We don’t claim to know everything there is to know about security, but it’s an area we spend a considerable amount of time in discussion, research, and development. It takes priority over new features in our development cycle.
Passwords in v3 are stored using bcrypt, computed from an HMAC-SHA-256 hash of the user password, if supported by the server. The advantage to using bcrypt is that it slows down the time it takes to compute the value. How could slowing it down possibly be good you might ask? Because, if an attacker happens to acquire your users’ hashed passwords, and also the key used to generate the HMAC-SHA-256 hashes, it would be impractical and time consuming to brute force them from a list of common passwords (known as a dictionary attack). Without the HMAC key, it becomes computationally infeasible to brute force (with 2^256 possible combinations of hashed passwords, and a 1/4 second to compute 1 bcrypt password, you would only be able to attempt 126,144,000 bcrypt passwords per year. So, statistically, it would take 4.5897 x10^68 years to crack a single user’s password).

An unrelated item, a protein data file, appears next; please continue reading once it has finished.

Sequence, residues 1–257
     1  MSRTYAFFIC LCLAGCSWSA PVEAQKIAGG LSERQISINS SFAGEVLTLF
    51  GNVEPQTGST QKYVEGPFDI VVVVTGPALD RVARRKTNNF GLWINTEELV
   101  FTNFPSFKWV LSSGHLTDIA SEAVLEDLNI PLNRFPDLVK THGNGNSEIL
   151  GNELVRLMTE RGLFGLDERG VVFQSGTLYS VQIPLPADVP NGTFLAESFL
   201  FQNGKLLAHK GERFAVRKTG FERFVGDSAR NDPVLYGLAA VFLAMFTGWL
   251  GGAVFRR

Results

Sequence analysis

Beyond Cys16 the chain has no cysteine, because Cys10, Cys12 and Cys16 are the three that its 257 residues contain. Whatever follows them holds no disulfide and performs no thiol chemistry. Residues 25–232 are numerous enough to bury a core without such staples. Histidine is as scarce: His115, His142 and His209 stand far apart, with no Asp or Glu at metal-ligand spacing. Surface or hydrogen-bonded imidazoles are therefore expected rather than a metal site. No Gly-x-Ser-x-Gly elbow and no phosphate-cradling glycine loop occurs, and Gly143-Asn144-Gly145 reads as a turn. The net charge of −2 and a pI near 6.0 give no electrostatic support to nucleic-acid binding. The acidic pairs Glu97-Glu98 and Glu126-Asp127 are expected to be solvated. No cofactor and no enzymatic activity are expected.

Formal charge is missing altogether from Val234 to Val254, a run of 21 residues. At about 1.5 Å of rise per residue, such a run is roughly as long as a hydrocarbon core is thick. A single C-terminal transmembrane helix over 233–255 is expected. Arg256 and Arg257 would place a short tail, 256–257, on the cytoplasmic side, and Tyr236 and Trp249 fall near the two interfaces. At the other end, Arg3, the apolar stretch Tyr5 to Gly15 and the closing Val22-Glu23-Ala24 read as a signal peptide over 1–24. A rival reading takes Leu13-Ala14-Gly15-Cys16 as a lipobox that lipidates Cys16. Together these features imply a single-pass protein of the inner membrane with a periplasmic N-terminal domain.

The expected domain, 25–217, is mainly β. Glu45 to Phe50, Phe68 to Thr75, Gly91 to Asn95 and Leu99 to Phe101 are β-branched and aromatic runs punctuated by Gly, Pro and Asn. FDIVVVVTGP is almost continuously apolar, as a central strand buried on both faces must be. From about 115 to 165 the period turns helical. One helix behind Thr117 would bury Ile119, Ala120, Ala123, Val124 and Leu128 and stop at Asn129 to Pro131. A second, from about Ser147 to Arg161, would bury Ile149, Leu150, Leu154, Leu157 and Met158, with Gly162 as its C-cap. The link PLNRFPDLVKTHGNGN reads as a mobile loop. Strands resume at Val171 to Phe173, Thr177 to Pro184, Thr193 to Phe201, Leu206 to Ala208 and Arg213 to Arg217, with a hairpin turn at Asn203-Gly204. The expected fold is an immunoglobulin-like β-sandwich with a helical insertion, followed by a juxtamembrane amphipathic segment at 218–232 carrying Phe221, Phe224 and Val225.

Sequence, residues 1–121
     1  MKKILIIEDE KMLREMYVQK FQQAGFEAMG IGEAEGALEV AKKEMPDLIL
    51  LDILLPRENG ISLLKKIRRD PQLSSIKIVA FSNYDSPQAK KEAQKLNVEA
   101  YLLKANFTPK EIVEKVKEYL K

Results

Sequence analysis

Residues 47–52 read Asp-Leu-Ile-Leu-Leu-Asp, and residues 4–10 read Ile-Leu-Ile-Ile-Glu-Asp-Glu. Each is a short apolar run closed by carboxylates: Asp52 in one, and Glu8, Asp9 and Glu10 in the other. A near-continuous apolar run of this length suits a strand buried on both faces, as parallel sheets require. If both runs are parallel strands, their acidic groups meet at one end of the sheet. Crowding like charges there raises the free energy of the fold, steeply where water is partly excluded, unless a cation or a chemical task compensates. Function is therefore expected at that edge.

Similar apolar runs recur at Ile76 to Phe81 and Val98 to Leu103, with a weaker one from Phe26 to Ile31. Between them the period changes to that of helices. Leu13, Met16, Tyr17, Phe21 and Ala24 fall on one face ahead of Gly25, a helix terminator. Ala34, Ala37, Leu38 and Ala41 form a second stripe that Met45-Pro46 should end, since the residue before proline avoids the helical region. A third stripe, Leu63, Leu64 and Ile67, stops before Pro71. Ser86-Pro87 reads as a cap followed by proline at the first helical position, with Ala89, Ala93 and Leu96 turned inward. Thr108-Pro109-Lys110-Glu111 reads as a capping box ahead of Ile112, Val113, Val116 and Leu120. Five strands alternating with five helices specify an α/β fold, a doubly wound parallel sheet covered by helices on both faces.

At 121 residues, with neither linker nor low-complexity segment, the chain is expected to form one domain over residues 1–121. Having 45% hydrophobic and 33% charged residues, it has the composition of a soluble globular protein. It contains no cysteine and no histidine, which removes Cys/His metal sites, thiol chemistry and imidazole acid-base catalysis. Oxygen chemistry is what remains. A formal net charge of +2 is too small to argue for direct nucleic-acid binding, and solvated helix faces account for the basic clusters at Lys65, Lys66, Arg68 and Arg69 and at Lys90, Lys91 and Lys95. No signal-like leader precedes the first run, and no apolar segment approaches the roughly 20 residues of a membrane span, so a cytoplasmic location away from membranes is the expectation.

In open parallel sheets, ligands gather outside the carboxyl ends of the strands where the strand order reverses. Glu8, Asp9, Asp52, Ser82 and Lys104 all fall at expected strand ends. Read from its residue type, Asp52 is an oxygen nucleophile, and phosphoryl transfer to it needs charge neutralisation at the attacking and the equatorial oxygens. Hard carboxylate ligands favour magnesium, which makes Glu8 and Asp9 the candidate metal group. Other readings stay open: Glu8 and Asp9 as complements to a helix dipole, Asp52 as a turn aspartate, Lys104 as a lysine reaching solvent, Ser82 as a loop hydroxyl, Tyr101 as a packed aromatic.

Now, assuming the HMAC key is known, a 60,000 password dictionary file would take statistically 2.083 hours to crack 1 users password assuming the password is in the dictionary to begin with. This is fantastic because it gives you much needed time to reset every users password and notify them, making the leaked hashes virtually useless.
Additionally, a bcrypt password is never the same. If user A and user B both have a password of “hunter2″, the stored values will not be identical.
Blesta supports two-factor authentication (in v2.5 and v3) for both TOTP (Time based One Time Password) and MOTP (Mobile One Time Password) for staff users. Both methods use a token, like OATH Token for the iPhone. Staff members log-in by entering their username and password, and are then prompted for their one time password. Once this token is entered, it can never be used again, so a man in the middle attack is not feasible.
I did a video on Staff Login a while back that shows two-factor authentication in action, if you haven’t seen it.
Shipping with v3 is a plugin called PHPIDS, which is an intrusion detection system. The plugin is excellent at detecting, logging, and blocking various attacks and uses the PHPIDS library.